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If there were any questions over the National Party’s commitment to the coal sector after the loss of Matt Canavan from the resources portfolio, they were quickly answered by new deputy leader David Littleproud who reasserted his party’s commitment to a new coal generator in Queensland on his first day in the job.

In an interview with ABC’s RN Breakfast program on Wednesday, Littleproud trotted out the three consistent assertions of the coal lobby; that you can reduce emissions using more coal, that more coal generation is necessary to lower electricity prices and that baseload power is a necessary feature of the future energy system.

Each of these three assertions have been repeatedly debunked, but it confirms that it’s business as usual in a Morrison cabinet that will continue to face internal divisions over a need to act on climate change and the fossil fuel advocates within its ranks.

It is understood that Queensland Nationals MP Keith Pitt is the front runner to take over Canavan’s former positions as the minister for resources and Northern Australia when new ministerial appointments are announced by Prime Minister Scott Morrison on Thursday.

Pitt himself has been an outspoken advocate for a new coal-fired power station in Queensland, so while Canavan – who liked to describe himself as “Mr Coal” – has exited the federal cabinet, the pressure to push forward with the Collinsville project is likely to continue.

Pitt has also been a strong supporter of a nuclear industry in Australia, and will have the backing of failed Nationals leadership candidate Barnaby Joyce, who again argued for nuclear power to be considered as part of Australia’s efforts to reduce emissions as part of a bizarre Facebook rant against renewable energy.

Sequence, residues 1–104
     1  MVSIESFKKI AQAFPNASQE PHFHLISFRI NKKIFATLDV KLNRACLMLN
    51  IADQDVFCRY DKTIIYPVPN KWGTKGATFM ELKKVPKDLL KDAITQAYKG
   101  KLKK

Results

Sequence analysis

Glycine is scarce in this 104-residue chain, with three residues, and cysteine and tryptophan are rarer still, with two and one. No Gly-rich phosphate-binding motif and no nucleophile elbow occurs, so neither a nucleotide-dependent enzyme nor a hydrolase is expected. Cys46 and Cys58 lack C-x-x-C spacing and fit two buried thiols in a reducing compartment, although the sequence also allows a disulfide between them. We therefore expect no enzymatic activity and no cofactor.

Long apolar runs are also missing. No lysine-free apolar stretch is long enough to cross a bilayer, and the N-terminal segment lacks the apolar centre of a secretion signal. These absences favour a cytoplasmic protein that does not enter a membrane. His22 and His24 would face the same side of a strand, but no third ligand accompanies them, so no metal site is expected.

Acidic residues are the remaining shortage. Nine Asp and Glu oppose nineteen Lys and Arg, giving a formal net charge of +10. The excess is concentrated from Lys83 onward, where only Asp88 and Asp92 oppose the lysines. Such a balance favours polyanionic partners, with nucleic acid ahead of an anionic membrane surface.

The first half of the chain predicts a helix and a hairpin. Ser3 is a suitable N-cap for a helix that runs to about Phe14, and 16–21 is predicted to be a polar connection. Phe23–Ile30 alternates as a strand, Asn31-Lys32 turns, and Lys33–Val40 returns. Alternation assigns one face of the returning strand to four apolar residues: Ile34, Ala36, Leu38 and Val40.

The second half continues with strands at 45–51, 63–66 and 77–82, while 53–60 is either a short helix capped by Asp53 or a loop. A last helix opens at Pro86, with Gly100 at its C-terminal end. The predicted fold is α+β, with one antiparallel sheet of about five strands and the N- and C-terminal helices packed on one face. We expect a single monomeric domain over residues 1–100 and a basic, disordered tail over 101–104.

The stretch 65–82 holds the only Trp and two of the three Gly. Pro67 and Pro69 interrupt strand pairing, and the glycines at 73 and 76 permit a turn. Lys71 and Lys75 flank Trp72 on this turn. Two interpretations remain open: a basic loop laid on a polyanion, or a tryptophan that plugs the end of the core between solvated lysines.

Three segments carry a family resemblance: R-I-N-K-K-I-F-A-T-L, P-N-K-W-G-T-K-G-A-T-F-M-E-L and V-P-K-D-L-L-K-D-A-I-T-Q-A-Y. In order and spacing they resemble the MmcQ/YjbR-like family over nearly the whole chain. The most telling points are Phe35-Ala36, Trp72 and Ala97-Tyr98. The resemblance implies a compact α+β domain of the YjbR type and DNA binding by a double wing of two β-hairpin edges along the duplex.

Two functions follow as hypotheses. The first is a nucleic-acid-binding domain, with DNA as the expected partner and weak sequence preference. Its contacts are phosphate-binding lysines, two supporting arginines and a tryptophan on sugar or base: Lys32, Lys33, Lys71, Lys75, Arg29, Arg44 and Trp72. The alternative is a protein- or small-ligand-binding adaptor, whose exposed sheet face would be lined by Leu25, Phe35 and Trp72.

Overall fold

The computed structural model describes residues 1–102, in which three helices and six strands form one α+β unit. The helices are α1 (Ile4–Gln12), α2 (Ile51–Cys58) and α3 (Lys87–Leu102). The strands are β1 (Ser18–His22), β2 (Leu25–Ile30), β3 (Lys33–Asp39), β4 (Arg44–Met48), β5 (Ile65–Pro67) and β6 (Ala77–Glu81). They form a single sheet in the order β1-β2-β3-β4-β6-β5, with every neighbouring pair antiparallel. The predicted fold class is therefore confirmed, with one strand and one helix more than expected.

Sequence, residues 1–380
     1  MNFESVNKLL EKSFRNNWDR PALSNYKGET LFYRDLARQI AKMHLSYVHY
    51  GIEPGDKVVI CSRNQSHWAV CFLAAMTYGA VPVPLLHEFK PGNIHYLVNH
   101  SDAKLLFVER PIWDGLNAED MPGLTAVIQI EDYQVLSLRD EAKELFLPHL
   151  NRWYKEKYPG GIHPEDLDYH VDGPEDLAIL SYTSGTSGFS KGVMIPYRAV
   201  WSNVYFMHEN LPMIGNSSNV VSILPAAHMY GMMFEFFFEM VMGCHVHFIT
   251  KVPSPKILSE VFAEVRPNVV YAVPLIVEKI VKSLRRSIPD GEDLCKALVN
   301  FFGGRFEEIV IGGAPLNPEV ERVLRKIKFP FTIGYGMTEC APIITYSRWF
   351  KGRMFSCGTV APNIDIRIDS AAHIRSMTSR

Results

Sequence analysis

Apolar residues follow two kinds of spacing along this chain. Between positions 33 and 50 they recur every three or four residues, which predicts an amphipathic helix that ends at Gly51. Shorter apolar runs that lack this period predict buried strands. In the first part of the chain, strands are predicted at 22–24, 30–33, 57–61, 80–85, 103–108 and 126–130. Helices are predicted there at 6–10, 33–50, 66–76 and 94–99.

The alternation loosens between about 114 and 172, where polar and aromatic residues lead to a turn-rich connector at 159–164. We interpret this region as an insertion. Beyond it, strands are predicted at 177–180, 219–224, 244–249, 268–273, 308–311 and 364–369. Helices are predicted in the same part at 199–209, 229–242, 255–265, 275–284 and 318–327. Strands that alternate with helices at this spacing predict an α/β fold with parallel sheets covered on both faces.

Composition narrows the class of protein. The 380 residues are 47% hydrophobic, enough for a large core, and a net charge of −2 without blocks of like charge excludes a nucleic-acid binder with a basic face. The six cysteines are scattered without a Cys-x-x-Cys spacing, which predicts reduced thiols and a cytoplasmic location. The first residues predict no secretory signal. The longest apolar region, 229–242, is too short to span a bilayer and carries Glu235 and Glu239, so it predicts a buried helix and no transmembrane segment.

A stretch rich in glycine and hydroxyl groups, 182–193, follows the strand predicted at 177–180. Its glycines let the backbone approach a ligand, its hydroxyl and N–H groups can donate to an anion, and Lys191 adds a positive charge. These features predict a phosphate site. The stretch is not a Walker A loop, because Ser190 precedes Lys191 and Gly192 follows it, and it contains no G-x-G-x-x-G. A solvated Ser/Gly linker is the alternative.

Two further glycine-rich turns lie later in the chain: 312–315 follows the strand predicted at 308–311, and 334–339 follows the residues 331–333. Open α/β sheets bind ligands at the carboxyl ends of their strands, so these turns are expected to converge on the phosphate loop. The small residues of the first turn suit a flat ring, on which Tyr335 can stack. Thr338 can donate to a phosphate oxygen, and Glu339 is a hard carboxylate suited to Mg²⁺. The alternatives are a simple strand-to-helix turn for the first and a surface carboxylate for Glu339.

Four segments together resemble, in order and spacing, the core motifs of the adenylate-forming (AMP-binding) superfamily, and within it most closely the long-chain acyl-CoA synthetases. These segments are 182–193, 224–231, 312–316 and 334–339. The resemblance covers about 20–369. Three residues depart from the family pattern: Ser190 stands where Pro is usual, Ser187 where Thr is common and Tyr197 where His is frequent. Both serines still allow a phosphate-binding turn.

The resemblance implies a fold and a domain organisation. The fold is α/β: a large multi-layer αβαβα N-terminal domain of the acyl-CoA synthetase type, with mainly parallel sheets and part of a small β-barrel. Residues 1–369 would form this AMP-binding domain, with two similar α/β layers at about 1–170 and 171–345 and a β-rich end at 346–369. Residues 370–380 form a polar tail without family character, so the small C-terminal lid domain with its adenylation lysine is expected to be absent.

“We have to recognise that the public acceptance of wind towers on the hill in front of their veranda is gone, and the public dissonance on that issue is as strong as any other environmental subject,” Joyce said.

“If zero emissions are the goal then surely nuclear energy should be supported, but it is not. If wind towers are a moral good and environmentally inoffensive, why can’t we have them just off the beach at Bondi so we can feel good about ourselves while going for a surf? It would cause a riot.”

“Do you want a 3,000ha solar farm next door to you? Lots of glass and aluminium neatly in rows pointing at the sun. I am not sure others will want to buy that view off you when you go to sell your house.”

The coal industry might have lost its most enthusiastic advocate from the federal cabinet, but the Nationals were quick to show that it won’t lead to any changes on the party’s energy and climate change policies.